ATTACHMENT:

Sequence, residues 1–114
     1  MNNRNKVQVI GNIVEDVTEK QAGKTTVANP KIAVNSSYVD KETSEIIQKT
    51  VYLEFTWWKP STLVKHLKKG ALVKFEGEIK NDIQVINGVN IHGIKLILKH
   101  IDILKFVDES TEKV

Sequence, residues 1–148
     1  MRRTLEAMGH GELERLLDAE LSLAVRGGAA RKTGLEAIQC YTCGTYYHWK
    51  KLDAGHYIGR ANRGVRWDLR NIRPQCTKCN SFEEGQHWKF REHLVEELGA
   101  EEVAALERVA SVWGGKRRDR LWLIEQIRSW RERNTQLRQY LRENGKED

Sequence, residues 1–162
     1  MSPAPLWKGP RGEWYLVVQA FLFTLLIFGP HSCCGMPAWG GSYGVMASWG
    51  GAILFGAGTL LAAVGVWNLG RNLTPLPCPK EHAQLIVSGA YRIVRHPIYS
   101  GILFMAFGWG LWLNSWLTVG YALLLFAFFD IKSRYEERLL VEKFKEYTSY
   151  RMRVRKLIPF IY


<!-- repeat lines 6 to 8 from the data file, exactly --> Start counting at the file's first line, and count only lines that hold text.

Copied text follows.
     1  MRRTLEAMGH GELERLLDAE LSLAVRGGAA RKTGLEAIQC YTCGTYYHWK
    51  KLDAGHYIGR ANRGVRWDLR NIRPQCTKCN SFEEGQHWKF REHLVEELGA
   101  EEVAALERVA SVWGGKRRDR LWLIEQIRSW RERNTQLRQY LRENGKED